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Census Bureau Public Employment Data: Public School Employment and Payroll in March 2016 and March 2006

In the wake of the Great Recession, the number of people working in public education fell relative to the overall population in much of the country, and inflation-adjusted teacher pay fell in many parts of it.  There was only a partial reversal from March 2014 to March 2016, and it was mostly in places where school staffing and pay were already relatively high.

Several factors contributed to the trend.   First, in some states were the tax burden was already low relative to the personal income of state residents, it was reduced further by anti-tax ideologues.  The result was reductions in public services for the non-elderly across the board, including, in the end, elementary and secondary education. Second, with the large Baby Boom Echo (aka millennial) generation exiting school, and smaller generations entering school, the actual need for school workers fell.   But in some places with high and rising taxes the demand for school jobs increased, as other high-compensation alternatives for politically influential college graduates diminished.   Third, the cost of retired public employees soared, as a result of past taxpayer underfunding in low-tax right-wing states.  And as a result of retroactive pension increases scored by powerful public employee unions in (if by “right-wing” people mean having public policy favor the otherwise advantaged at the expense of those with less power) the other type of right-wing, high-tax states, those generally self-described a “progressive.”  A review of the data follows.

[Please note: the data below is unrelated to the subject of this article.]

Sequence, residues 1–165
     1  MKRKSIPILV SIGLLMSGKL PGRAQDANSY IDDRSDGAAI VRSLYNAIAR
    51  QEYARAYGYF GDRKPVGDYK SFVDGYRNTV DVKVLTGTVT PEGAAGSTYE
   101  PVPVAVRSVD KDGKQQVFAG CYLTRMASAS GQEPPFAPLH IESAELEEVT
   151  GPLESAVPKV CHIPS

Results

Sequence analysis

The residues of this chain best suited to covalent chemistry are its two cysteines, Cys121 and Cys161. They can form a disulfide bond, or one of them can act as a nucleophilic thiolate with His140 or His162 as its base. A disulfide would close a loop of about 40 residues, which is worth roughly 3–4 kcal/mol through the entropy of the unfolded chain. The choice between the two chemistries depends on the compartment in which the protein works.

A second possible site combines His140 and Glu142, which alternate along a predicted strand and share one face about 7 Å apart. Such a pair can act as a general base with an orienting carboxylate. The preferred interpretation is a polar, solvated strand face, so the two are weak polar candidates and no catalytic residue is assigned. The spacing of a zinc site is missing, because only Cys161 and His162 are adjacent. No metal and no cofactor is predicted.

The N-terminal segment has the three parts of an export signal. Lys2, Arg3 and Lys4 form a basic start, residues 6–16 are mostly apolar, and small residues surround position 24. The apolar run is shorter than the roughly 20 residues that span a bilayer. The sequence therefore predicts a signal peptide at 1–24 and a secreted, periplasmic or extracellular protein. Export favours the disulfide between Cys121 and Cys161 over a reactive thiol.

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State and Local Government Employment and Pay Per Employee: Census Bureau Data for FY 2016 Compared With FY 2006

The U.S. Census Bureau released state and local government and payroll data for March 2016 last fall, and I compiled it over the past few weeks to see how things changed between March 2006 and that year.  It appears that in New York City some of the reduction in local government employment relative to population was reversed from March 2014 to March 2016.   And it appears than New York City’s local government workers became better off in cash pay relative to private sector workers from 2006 to 2016.  Benefit costs, particularly those for the retired, were soaring at the same time.  I didn’t find the reduction in NYC mass transit employment I expected, based on cuts in service and maintenance.  Meanwhile, the number of students per instructional employee fell to 8.4 in New York City and 7.4 in the rest of New York State.